20/07/2015

Doomwatch The Human Time Bomb


Writer Louis Marks takes on the planning industry in this well delivered episode centred on what would then be seen as a modern high rise development. The cameras look up and around it from the start as if it is some menacing monster which in some ways it turns out to be though we’re never left in any doubt as to the complicity of those who designed it. Essentially undercover for six weeks in the Langley Estate, Fay Chantry gradually becomes less stable and more fearful but of what? With some simple accomplished shots director Joan Kemp takes us into a world that might seem to have been designed for people but is soulless and isolating. As with several episodes in this run of the series, the questions raised are still relevant today.



Fay is present just after a nervy man called Hetherington (an all too brief appearance from 70s tv’s go-to Welshman Talfryn Thomas) is so spooked he runs into a car and is killed. The reaction from passers by roughly equates to the same one you’d expect if they were watching something far less serious. Something is up with these people and the more Fay tries to delve into matters the more she begins to flip out. A lively encounter with planner Scobie, who later is himself taken away, arouses even more suspicions. Played like a thriller without the luxury of incidental music it is to the episode’s credit that the tension is maintained when not a lot happens. It’s all hints and suggestions.
The disadvantage of watching this is 2015 rather than in 1971 is that we now know Marks was right. High rise flats went up by the hundreds in the Sixties and Seventies but proved to be just as alienating and unpleasant as this episode depicts even if none of them probably had plastic doors. At the time this must have been seen as a much more powerful piece of work seemingly deriding what many people had been told was the bright future of modern living. Looking at the flat Fay is in, we are told it meant for a family but its dimensions are not much larger than the modern student flat. The only bit that’s dated is asking us to believe that an intelligent scientist of Fay’s distinction would be quite so helpless enough not to be able to change a fuse or indeed to work out why she was feeling so weird.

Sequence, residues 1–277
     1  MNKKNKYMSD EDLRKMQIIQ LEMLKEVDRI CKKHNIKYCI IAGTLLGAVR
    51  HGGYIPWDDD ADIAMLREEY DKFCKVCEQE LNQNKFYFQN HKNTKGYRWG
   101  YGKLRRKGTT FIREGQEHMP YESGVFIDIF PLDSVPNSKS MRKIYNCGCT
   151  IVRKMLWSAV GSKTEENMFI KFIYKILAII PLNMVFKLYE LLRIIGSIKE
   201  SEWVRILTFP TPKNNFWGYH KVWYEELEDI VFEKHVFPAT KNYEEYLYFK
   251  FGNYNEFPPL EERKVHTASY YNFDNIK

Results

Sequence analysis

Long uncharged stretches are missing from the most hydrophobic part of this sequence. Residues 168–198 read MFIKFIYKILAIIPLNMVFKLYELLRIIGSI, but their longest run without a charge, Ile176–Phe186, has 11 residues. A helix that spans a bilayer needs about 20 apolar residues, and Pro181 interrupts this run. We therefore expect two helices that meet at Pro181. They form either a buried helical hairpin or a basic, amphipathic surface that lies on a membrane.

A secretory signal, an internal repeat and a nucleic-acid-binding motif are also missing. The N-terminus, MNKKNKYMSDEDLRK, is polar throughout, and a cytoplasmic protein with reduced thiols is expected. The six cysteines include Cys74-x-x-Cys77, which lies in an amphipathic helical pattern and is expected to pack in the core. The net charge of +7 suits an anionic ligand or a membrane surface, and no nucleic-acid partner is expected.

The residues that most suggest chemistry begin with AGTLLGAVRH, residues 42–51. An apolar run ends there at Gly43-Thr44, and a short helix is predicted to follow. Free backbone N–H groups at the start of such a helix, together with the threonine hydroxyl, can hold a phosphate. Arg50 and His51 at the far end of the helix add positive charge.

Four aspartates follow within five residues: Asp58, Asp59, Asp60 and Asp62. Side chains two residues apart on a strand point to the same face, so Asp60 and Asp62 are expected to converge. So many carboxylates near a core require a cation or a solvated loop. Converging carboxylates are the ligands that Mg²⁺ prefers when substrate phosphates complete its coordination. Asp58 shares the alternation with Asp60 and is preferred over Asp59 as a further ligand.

Jean Trend has a lot of work to do in the episode as Fay gradually succumbs to what Quist will conclude is a scenario that is at the root of violence in society. Her reaction to events grabs our sympathy even more because of both Quist and Ridge’s initially nonchalant response to it. This is another excellent episode in what was quite a purple patch for the series.

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